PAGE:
Feb. electricity rates may go up due to plant outages

by Riza T. Olchondra, January 29, 2015
from Philippine Daily Inquirer

CUSTOMERS of Manila Electric Co. (Meralco) are facing higher electricity bills in February after seeing a string of rollbacks since the end of 2014.

Meralco spokesperson Joe Zaldarriaga said increased power plant outages in January, which would impact rates in the February billing, would cause “upward pressure” on power rates. Officials would not say, however, if the increase would be substantial enough, or reach as much as P1 per kilowatt-hour, noting that they are still assessing the actual impact.

“As far as the January supply month, compared to the December supply month, there were more [power plant] outages in January. When that is the situation, there is more pressure for prices to go higher. Also, we are coming from record low rates in the December supply month (which was billed in January).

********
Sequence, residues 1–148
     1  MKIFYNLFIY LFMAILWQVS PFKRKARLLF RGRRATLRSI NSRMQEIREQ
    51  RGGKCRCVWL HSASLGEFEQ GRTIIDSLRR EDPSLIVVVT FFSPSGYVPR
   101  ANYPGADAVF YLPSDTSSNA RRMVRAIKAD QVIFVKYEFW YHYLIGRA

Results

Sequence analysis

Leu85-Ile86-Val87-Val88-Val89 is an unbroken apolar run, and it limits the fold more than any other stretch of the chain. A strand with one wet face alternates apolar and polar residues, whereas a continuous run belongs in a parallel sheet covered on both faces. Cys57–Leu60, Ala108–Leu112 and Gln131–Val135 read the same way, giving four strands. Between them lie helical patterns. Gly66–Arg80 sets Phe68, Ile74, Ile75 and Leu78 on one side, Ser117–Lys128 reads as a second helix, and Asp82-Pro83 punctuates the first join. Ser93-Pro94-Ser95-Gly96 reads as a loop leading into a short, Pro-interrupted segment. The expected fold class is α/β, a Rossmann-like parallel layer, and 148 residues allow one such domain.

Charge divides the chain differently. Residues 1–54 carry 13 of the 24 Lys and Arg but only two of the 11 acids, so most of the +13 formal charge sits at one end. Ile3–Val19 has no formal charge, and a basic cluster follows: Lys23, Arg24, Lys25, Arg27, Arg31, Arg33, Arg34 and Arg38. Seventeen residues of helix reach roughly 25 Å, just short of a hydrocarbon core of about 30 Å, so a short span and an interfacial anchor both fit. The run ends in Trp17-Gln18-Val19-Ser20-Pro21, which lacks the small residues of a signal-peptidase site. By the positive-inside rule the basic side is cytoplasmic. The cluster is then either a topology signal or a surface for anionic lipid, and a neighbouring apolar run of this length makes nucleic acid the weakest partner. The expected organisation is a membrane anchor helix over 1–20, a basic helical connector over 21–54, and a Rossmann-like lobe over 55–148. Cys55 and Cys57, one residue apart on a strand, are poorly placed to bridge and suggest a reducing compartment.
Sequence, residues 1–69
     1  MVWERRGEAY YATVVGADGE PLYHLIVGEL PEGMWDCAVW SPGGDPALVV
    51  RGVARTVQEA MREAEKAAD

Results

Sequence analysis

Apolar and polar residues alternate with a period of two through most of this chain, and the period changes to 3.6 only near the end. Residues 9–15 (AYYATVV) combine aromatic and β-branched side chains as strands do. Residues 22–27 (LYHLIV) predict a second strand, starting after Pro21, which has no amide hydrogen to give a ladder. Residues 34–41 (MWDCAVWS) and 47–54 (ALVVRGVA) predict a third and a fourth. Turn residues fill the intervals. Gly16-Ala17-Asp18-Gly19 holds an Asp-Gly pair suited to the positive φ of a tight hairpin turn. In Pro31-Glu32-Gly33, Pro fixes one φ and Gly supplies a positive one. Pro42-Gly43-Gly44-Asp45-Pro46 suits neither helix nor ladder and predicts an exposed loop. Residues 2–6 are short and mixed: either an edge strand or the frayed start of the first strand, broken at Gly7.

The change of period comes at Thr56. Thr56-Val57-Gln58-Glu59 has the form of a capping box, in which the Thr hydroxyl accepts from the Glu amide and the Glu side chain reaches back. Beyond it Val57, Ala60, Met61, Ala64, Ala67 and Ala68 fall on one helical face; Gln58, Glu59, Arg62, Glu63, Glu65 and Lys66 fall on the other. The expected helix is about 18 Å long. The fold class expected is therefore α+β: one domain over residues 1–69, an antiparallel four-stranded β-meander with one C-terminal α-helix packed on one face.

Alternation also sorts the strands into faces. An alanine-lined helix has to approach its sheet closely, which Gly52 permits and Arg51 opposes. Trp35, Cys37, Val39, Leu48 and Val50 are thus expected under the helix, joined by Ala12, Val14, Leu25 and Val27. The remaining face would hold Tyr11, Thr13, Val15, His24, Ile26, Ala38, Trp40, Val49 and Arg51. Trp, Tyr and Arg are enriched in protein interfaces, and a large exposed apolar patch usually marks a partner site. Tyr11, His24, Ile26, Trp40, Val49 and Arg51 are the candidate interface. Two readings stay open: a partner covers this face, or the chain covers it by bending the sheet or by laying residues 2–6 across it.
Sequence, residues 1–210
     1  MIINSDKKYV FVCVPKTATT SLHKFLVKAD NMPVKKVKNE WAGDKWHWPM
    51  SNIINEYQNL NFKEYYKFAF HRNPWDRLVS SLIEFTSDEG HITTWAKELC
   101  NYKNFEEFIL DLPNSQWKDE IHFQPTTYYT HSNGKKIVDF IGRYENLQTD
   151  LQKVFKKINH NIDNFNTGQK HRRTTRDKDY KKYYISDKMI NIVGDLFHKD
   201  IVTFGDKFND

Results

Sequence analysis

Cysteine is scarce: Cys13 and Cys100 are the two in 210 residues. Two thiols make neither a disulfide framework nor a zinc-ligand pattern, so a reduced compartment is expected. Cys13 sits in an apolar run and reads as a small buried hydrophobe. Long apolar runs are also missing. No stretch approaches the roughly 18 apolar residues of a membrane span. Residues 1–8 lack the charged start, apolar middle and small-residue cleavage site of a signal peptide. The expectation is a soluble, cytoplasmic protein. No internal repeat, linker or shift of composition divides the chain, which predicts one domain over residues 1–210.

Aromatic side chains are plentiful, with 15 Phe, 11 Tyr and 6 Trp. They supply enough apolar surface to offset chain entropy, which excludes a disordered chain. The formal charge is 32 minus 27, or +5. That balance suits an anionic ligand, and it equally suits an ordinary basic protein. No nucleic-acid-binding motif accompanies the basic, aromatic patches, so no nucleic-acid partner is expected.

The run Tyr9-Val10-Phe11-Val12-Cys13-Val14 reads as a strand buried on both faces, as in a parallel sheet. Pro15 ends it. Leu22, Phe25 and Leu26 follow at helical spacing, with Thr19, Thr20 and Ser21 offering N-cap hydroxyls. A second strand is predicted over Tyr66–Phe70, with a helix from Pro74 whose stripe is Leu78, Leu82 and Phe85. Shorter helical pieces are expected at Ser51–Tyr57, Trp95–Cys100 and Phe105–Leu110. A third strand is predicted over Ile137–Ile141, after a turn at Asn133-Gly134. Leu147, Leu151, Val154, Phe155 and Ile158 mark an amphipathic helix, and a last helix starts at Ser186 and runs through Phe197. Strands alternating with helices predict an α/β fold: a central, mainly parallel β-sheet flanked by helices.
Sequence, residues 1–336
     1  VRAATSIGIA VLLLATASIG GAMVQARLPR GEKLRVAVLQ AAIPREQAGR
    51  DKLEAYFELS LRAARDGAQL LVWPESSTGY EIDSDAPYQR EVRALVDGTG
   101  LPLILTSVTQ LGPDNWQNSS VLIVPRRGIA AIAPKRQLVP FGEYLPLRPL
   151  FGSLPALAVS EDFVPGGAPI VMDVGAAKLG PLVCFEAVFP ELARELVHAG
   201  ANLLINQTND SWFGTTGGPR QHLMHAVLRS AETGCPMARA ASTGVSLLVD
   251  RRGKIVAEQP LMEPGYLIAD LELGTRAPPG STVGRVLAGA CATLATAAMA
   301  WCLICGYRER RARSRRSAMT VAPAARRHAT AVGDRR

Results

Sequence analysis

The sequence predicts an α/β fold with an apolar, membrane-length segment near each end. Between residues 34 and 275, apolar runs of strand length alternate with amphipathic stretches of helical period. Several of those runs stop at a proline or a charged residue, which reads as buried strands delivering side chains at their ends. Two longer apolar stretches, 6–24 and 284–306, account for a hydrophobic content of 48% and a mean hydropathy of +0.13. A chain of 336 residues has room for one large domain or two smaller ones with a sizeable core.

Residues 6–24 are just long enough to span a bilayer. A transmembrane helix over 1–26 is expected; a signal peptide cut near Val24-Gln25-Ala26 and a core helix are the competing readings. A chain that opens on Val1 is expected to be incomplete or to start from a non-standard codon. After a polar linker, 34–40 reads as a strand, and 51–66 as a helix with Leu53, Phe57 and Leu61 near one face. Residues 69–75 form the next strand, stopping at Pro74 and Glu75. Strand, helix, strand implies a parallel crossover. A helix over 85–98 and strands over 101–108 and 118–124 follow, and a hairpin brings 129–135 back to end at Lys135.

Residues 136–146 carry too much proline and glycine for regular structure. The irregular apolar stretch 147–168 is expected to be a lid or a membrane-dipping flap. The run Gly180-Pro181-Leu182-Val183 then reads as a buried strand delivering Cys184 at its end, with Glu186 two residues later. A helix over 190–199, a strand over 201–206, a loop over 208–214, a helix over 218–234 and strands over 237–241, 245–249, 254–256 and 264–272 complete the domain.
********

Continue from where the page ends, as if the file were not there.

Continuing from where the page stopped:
Asked why consumers did not feel the effects of power plant outages in terms of blackouts, Meralco head of utility economics Lawrence Fernandez explained that there was low demand for electricity for much of January because of the low temperature.

“It was relatively cold, so demand was low. In that sense, the outages were not felt. But in terms of price, there is an impact,” Fernandez said, noting that the impact was felt even though the distribution utility’s exposure to the volatile energy spot market was just around one percent.

According to Meralco’s data, there were 1,000 megawatts (MW) of scheduled outages and 1,400 MW of unscheduled outages in the January supply month.

However, lower oil prices may offset the impact of power generation charges, Meralco chair Manuel V. Pangilinan said.

Power sales will pick up toward summer, when the temperature is higher, the company said.

Also, Meralco has enough power supply contracts to prevent outages despite the anticipated power crisis, Pangilinan said. The Interruptible Load Program—a voluntary scheme where companies with generation sets use their own power to ease demand from the grid at peak times—is ongoing, with more than 600 MW of capacity signed up.

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